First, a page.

Determining the True Value of Actively-managed Mutual Funds

index or actively managed fundsThis is Part 2 of a 2 Part series on Actively-managed Mutual Funds.  

As I discussed in my previous article, Protecting Investors from High Costs,” contrary to popular belief, actively-managed funds, on average, have actually tended to under-perform a broad market benchmark in bear as well as bull markets.

In comparing the value of index mutual funds to actively-managed mutual funds, the issue of cost is often dismissed with a statement to the effect that actively-managed funds are more expensive than index funds due to the benefits received from the active management. However, there are serious questions regarding the “benefits” of active management.

To that end, let’s discuss The Active Management Value Ratio™ (“AMVR”) a proprietary metric that allows investors to measure the cost efficiency of actively-managed mutual funds. The AMVR is calculated by comparing the incremental cost of an actively-managed mutual fund to the fund’s incremental benefit, a concept introduced by Charles D. Ellis. Using incremental cost and incremental returns provides a more accurate evaluation of the contribution of active management.

The AMVR often shows that investors do not receive commensurate value for the additional costs of active management. In fact, the AMVR often shows that the active management component of actively-managed funds often reduces an investor’s return.

The Active Management Value Ratio is not, and is not intended to be, the Holy Grail, an end-all for investors. It is, however, a simple, straightforward tool offered to investors and fiduciaries to help identify and avoid actively-managed mutual fund fees that are shown to be unjustified in terms of cost-benefit efficiency, fees that unnecessarily reduce investors’ returns and may expose fiduciaries to unwanted liability exposure.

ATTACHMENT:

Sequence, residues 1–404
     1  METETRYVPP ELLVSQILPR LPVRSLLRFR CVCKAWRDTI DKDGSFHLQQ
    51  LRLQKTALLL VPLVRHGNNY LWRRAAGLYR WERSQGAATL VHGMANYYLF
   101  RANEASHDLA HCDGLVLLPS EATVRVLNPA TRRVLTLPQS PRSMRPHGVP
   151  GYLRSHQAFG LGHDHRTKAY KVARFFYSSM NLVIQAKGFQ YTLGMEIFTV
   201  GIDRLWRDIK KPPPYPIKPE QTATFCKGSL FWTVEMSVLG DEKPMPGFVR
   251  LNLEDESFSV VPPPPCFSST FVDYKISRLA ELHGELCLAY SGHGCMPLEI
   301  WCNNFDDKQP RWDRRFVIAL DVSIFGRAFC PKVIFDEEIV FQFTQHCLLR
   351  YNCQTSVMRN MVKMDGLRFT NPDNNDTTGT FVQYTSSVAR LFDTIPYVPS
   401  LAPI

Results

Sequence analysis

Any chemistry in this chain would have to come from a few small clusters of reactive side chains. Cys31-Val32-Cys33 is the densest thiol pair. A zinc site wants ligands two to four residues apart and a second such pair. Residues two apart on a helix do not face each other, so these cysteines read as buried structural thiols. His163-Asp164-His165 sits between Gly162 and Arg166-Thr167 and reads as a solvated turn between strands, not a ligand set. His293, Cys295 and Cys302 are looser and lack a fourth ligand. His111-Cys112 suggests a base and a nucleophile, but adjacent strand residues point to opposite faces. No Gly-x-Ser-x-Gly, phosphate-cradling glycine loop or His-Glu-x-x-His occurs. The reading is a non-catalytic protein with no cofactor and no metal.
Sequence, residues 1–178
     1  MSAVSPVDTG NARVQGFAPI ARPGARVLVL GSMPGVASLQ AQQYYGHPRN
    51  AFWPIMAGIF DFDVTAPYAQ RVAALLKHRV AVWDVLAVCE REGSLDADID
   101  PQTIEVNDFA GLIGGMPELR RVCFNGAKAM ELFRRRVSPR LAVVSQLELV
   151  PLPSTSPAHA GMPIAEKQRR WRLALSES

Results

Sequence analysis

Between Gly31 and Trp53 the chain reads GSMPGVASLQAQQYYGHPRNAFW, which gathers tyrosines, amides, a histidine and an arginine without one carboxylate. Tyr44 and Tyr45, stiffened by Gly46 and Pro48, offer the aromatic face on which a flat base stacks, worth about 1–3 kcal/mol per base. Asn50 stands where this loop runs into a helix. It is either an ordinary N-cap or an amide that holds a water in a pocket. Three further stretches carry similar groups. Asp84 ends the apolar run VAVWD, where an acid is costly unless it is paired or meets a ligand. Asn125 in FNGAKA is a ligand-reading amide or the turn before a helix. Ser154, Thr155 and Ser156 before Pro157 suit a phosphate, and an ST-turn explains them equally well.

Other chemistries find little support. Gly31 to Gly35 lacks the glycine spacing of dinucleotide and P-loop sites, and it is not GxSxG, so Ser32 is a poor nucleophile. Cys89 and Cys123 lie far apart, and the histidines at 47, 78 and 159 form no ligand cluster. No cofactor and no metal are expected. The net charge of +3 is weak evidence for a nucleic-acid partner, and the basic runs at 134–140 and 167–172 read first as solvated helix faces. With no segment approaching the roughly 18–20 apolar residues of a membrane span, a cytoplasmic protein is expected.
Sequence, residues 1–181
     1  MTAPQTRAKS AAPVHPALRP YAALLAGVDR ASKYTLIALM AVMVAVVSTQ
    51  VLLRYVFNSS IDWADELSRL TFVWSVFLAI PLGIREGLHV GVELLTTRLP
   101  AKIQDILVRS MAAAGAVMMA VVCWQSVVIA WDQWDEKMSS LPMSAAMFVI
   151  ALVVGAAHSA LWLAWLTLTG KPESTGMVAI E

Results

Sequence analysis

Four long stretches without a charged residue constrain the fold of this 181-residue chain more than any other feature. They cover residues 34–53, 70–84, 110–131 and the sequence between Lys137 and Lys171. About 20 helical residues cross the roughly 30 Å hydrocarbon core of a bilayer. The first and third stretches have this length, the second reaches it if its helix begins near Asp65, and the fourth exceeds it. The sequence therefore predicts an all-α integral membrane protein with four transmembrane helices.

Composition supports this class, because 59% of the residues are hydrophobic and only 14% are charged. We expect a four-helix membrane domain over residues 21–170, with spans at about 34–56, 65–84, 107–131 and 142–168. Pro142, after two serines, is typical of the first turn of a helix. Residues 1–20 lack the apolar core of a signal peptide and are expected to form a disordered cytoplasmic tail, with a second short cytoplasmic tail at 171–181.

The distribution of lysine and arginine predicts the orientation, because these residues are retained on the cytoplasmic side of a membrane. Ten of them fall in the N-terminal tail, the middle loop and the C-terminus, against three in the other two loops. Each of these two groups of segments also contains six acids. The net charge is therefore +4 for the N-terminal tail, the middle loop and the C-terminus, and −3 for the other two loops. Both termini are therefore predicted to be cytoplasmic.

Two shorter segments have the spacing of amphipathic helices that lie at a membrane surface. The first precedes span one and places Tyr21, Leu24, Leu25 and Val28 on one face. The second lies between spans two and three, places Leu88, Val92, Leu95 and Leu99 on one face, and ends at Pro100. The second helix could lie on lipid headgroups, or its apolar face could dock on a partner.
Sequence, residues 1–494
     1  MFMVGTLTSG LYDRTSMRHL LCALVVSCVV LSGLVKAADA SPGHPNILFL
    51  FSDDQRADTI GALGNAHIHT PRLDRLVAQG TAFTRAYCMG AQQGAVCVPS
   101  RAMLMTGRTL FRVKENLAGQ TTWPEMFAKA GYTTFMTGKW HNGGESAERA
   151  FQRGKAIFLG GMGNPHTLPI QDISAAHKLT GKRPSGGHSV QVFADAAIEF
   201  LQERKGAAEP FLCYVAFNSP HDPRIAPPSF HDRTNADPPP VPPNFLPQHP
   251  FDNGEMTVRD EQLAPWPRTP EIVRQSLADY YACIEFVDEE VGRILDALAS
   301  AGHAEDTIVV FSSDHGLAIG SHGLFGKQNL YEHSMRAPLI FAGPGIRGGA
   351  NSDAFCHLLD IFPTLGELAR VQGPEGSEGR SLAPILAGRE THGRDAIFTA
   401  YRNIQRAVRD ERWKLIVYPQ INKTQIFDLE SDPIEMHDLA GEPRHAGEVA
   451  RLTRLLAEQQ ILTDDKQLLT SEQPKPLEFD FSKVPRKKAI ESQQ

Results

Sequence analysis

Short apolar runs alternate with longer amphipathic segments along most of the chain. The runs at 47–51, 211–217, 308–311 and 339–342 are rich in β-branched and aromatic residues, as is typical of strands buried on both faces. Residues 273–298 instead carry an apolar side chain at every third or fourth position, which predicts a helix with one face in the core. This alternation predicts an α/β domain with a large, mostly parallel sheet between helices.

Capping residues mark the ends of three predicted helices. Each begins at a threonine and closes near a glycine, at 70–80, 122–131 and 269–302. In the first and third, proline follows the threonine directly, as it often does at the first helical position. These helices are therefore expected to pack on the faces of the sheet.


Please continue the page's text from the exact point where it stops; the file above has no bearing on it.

To calculate an investment’s AMVR, we need the following information for both the actively-managed mutual fund under consideration and an appropriate index fund: the actively-managed fund’s five-year annualized returns for both funds, and the annual expense ratio for both funds.

As an example of the value of the AMVR metric, let’s compare a hypothetical actively-managed mutual fund and an appropriate benchmark index fund, using the following data:

• Fund’s Five-Year Annualized Return – 20%
• Fund’s Expense Ratio – 1.00%
• Index Fund’s Five-Year Annualized Return – 18%
• Index Fund’s Expense Ratio – 0.22%

To make the calculation process even easier, we’ll use a simple chart consisting of two columns and five rows. We’ll use the left column to calculate annual fees information and the right column to calculate five year annualized return information. In our example, you would complete the charts as follows:

Annual Fees

5 Year  Annualized Return

Active Fund

1.00

20

Index Fund

0.22

18

Incremental Amount

0.78

2

Active Fund

1.00

20

Incremental %

78

10

 

The AMVR expresses cost efficiency in terms of incremental cost as a percentage of incremental benefit. In this case, the AMVR for the actively-managed mutual fund would be 7.8 times (78/10), or 780 percent, greater than the incremental benefit, showing that the incremental cost of the actively-managed mutual far exceeds the incremental benefits of the actively-managed mutual fund.

Put another way, 78 percent of the actively-managed mutual fund’s fee, which is attributable to the incremental cost of the active management, is producing only 10 percent of the fund’s return.  This disparity would make it extremely hard to justify this investment as a prudent investment choice.

Implications for Investors

If you currently have a financial advisor, ask them to perform this type of analysis on the products they sold you and/or the investments in your portfolio. If your advisor sells actively-managed products, they are most likely going to be hesitant to disclose this information to you, as it may expose legitimate questions involving the true value of such products and possible legal liability regarding the quality of advice you received.

To learn more about James Watkins, visit his site at www.investsense.com.

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